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Free thinking from Grayling people

Doing well by doing good

13th November 2018

From a young age I have been obsessed with dogs. I grew up with Border Collies and on my last day of university, I was surprised with a Pomeranian puppy of my own. I spent the first six months post-university training my dog whilst searching for a job in the communications industry. I soon secured a communications officer role for my local NHS Trust and after 18 months decided to take on a new challenge and joined Grayling.

Having been at Grayling for just over a year now, I have had the pleasure of working on a variety of B2B and B2C clients, working on creative campaigns, social media strategies and traditional media relations. I have quickly learnt how the cogs of a PR agency turn and have gained the necessary skills and knowledge needed to succeed in this industry.

A few months ago whilst scrolling through my Facebook newsfeed I stumbled across Forest Dog Rescue - a small charity that rescues and rehomes over 300 dogs each year. I found myself falling in love with each and every dog and in awe of the tremendous work the team does to ensure these dogs are cared for. It was at that moment I decided I wanted to combine my passion for dogs with my profession in PR and reached out to the team to understand how I could support them on a pro bono basis. Fast forward three months and I feel like a fully-fledged member of the team helping to rehome dogs into the local community and I have become an advocate for what they do.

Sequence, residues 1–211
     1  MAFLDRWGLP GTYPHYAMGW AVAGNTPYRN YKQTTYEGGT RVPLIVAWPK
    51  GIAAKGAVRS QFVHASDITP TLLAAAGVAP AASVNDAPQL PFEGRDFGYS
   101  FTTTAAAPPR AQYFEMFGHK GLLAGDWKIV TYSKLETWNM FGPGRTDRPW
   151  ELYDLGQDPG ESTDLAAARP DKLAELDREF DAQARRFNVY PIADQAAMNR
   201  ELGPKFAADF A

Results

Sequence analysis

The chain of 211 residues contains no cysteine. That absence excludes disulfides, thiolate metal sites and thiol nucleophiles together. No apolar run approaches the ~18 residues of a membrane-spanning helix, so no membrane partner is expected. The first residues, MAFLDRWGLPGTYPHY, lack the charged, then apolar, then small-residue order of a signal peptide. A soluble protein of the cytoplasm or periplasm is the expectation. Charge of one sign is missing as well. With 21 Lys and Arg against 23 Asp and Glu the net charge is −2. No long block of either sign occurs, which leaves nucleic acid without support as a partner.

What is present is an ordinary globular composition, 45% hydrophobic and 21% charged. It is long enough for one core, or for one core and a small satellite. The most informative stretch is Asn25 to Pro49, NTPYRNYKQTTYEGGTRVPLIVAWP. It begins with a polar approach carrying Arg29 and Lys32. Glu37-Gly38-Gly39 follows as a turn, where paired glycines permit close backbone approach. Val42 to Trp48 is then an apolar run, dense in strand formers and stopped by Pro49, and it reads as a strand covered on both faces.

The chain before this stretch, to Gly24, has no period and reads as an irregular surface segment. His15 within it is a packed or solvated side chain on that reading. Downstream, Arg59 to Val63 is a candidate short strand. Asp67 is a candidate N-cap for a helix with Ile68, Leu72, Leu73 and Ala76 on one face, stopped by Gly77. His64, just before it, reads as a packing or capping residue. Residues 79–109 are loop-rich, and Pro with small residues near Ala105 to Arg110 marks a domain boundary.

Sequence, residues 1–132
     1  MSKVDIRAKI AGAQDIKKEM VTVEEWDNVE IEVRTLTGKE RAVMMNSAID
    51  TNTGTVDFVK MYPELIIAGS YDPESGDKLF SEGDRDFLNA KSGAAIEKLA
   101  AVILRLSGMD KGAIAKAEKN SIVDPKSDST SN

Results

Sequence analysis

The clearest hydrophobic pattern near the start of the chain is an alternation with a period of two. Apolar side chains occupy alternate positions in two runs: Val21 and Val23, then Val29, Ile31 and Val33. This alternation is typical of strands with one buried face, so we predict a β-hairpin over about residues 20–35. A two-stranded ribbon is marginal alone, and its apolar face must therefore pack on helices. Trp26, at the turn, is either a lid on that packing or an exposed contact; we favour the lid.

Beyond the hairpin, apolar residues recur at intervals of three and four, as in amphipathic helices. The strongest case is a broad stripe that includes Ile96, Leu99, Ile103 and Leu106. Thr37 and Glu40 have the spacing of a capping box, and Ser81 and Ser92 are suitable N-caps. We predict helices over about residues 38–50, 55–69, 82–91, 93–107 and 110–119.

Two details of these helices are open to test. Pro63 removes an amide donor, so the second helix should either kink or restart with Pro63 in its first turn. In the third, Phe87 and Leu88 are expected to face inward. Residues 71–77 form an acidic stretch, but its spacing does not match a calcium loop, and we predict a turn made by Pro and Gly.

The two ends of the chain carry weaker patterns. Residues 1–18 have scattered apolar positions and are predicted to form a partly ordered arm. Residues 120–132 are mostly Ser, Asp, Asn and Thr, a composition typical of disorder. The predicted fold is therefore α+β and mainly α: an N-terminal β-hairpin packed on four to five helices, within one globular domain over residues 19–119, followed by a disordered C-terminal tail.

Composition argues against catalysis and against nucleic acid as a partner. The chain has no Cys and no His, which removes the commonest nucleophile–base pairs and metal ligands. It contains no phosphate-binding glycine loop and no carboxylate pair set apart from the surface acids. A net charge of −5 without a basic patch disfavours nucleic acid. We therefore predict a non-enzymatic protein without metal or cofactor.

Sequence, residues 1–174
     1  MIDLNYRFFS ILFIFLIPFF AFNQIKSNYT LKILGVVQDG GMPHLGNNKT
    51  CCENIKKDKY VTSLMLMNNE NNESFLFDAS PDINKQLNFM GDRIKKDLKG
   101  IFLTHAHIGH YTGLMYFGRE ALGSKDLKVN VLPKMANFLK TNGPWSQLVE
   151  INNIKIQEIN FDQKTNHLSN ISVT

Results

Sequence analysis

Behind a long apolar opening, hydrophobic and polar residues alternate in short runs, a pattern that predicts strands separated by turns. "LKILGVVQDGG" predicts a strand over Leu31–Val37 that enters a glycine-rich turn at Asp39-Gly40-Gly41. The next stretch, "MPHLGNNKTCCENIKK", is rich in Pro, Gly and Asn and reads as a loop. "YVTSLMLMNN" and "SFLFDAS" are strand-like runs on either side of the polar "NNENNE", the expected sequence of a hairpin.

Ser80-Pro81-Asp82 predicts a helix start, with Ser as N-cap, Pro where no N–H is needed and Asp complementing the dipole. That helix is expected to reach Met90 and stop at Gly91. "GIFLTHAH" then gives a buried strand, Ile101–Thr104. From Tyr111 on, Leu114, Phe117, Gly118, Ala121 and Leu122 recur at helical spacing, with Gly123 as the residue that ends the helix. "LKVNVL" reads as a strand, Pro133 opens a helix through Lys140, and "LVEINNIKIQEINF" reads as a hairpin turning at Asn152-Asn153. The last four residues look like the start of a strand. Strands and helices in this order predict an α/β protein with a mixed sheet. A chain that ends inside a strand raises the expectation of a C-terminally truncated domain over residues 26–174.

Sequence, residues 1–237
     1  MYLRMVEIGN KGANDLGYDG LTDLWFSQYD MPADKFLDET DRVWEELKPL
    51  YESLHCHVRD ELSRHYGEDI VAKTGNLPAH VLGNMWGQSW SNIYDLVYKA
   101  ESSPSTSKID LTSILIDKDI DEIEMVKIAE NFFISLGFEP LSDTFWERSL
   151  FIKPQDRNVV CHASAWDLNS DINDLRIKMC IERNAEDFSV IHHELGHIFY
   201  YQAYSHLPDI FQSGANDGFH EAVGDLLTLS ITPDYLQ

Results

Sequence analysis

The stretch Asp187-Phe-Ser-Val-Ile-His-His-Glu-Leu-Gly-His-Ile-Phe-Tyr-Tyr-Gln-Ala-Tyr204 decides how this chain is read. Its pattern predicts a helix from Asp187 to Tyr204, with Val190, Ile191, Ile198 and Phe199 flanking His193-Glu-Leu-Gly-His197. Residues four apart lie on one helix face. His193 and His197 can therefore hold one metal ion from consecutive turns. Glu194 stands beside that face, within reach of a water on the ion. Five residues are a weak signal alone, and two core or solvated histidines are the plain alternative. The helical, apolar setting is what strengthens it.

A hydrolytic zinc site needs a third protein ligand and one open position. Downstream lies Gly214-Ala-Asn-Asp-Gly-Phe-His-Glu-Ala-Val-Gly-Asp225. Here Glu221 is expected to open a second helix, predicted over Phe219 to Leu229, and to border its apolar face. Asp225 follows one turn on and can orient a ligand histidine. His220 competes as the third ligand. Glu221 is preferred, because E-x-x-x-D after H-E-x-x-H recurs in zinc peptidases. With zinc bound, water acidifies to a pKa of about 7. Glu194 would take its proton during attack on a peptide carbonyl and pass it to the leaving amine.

Through my own experience, there are so many benefits to performing pro bono work, but here are my top three ways to create real advantage.

  • You can gain experience in a sector which may not fall into your current PR specialisms. In PR, client requirements differ greatly and this tends to stem down to the industry they sit in. By stepping outside of your niche, it allows you to gain new skills and knowledge in an industry you may have an interest in.


  • Meet people from a wide range of sectors. Charities have the special ability to unite people from different backgrounds and professions to achieve the same end goal – to support the cause. Performing pro bono work allows you to exhibit your talent as a PR specialist and form new relationships, which has the potential to create opportunities in a more natural way. It can also expand your network of media and influencers, which can be utilised for existing clients.
  • Pro bono work can provide you with a real sense of job satisfaction and fulfilment. You are making a tangible difference to a cause you believe in by lending your own experience to those who are unable to fund it for themselves and for that - there is no more rewarding feeling.

If you have a passion for a cause and would like to make a difference while utilising your PR talent, why not reach out to a charity today?

Grace Rudd

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